LIV, a bridging lender provided four loans as part of a short-term bridging facility for the development of land. LIV had advanced the sum of £800,000 in relation to four properties over a period of 10 months.
LIV argued that it had suffered losses in relation to the four loans as a result of the payment of the loan monies out without EAD ensuring that they were secured by a first legal charge over the specific properties, which was contrary to the instructions provided by LIV.
LIV argued that it had incurred substantial losses as a result of borrower defaults and pursued a claim for breach of contract, negligence and breach of trust against EAD. LIV’s summary judgment application focused on its claim for equitable compensation on the basis that it would provide more generous assessment of the losses than the SAAMCo principles would allow.
The Decision – Summary judgment
The Court was satisfied that LIV had shown that EAD had no real prospect of successfully defending the claim in relation to two of the four loans and allowed summary judgment on those elements of the claim.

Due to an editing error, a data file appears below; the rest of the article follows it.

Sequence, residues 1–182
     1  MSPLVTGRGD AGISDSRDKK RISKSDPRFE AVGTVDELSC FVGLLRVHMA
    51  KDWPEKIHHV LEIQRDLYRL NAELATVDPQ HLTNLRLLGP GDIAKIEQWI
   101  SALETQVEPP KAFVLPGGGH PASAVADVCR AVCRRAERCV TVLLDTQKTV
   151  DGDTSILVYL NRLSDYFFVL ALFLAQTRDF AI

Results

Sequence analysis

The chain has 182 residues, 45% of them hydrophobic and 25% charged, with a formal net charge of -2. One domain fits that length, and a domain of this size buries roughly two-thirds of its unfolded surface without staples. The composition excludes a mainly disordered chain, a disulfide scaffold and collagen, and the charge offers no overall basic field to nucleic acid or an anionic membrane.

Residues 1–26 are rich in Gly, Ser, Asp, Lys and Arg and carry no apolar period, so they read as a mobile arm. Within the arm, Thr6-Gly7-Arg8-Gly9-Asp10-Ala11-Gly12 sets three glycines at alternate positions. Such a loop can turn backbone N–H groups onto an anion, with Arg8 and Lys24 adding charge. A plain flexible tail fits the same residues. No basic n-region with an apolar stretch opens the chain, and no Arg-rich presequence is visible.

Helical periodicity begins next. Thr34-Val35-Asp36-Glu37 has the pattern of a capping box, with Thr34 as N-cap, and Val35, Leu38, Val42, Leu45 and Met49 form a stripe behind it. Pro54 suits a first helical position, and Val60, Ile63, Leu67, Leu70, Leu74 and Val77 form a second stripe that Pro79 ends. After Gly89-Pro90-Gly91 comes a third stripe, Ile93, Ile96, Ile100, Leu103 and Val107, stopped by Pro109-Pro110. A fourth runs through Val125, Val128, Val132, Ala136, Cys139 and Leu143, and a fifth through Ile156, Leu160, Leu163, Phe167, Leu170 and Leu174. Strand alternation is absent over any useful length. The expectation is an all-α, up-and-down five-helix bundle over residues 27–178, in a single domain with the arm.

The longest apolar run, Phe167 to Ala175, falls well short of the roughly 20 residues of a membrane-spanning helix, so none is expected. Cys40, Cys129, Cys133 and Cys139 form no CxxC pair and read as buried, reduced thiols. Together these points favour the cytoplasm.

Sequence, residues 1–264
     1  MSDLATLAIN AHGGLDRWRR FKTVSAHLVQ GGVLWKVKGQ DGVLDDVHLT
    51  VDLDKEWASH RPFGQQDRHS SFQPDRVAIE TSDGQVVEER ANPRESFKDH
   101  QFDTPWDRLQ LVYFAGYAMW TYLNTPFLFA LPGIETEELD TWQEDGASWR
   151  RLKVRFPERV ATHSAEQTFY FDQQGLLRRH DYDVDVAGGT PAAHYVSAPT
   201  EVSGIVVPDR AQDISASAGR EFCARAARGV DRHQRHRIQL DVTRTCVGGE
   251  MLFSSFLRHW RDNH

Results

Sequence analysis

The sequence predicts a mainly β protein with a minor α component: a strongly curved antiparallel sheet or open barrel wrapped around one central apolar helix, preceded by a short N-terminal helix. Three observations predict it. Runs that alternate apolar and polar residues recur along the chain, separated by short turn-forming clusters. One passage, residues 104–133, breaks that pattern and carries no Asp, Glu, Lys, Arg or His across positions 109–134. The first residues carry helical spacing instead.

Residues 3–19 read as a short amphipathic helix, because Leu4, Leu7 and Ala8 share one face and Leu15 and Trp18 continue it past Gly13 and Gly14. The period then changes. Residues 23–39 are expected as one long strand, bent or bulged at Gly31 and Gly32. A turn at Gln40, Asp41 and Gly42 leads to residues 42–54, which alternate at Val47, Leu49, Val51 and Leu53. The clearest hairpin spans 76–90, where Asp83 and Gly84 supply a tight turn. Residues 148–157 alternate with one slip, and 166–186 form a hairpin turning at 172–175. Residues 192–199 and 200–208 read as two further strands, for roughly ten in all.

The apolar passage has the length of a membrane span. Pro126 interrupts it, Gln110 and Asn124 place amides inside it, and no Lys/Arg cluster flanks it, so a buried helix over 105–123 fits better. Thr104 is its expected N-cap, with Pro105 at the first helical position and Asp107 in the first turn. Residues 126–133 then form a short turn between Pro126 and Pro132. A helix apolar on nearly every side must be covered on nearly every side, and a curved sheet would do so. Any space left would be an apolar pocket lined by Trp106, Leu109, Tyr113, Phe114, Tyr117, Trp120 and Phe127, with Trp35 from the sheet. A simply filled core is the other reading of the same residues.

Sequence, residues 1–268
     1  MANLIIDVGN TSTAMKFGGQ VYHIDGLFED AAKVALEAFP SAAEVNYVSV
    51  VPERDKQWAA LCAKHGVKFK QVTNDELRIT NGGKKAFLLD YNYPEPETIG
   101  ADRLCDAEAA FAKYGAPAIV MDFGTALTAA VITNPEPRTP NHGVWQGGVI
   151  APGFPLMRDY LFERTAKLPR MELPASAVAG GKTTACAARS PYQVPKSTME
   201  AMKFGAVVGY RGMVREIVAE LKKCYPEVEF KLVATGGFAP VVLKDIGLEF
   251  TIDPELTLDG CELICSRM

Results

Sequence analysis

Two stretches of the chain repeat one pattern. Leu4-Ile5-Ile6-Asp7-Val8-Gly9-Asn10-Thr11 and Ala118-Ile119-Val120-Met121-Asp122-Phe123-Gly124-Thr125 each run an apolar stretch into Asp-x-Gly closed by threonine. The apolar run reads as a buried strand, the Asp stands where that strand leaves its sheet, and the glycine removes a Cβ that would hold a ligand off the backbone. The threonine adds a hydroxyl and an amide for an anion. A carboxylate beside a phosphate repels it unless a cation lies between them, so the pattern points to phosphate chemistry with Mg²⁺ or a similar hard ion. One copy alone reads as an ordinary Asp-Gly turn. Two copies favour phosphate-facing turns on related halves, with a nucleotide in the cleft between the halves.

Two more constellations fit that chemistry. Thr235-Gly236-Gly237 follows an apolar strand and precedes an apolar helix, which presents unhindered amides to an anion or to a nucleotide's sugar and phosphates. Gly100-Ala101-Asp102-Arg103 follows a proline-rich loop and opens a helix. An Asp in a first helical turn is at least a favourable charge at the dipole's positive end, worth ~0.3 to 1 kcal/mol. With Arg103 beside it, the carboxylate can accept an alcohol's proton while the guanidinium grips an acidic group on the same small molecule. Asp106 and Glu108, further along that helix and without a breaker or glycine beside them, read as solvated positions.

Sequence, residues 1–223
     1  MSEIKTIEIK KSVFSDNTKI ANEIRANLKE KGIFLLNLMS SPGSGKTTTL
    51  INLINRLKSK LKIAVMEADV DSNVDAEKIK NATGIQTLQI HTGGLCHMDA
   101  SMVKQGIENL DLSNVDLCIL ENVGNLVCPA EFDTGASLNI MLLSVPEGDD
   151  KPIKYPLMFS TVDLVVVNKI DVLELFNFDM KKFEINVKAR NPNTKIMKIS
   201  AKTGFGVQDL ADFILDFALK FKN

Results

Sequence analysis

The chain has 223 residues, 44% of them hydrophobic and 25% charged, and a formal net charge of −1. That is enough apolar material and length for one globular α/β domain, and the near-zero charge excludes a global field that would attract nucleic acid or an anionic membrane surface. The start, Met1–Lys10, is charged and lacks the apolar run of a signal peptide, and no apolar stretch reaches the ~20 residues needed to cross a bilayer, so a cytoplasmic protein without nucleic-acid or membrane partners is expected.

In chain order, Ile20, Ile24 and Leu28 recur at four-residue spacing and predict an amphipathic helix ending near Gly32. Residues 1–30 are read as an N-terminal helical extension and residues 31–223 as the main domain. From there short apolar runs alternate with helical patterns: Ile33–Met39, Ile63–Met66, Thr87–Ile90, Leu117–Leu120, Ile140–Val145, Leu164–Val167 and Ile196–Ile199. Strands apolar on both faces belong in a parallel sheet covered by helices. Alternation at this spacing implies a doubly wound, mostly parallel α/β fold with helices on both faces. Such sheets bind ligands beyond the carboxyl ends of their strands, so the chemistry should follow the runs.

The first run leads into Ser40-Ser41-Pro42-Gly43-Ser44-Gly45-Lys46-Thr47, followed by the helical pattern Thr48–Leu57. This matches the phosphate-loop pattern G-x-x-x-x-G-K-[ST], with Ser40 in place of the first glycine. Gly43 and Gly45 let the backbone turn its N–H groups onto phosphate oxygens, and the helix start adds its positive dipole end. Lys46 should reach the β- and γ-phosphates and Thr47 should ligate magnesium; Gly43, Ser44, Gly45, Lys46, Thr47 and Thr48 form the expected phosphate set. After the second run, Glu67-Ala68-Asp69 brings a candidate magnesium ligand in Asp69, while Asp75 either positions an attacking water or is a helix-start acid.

The Decision – SAAMCo Cap
Whilst the Court did grant LIV’s summary judgment application, it only did so in relation to two of the four loans as LIV were unable to establish causation and loss in relation to the other two loans as it was probable that LIV had already recovered more money than what was advanced and so no loss had been suffered in relation to those loans. On that basis, the Court allowed the claim in relation to the second and third loans amounting to the total sum of £250,000 plus interest.
More importantly, the Court only allowed damages in line with the SAAMCo principle rather than equitable compensation for breach of trust. Whilst LIV argued that it had relied on its solicitor at EAD to do “all of the legal work for the transaction” the Court did not uphold the suggestion that the solicitor was “expected to guide the whole decision-making process”.
The Court held that under the principles of Hughes-Holland v BPE Solicitors  AC 599, EAD had provided “information” rather than “advice” and had therefore limited its professional duties to LIV. On this basis, LIV’s losses were limited to the SAAMCo losses falling within the scope of EAD’s narrower duty to obtain a first charge and confirm that the charge had been obtained. The Court did not allow for equitable compensation which resulted from LIV entering into the transaction. This meant that LIV’s damages were limited to the losses it had sustained in not obtaining the legal charges over the properties only.
This decision shows that the Court will use the SAAMCo principles to limit the recoverable damages in breach of trust by solicitor cases where the Claimant is unable to prove that the professional had not limited its professional duties to provide information only but rather had to provide information and advice.
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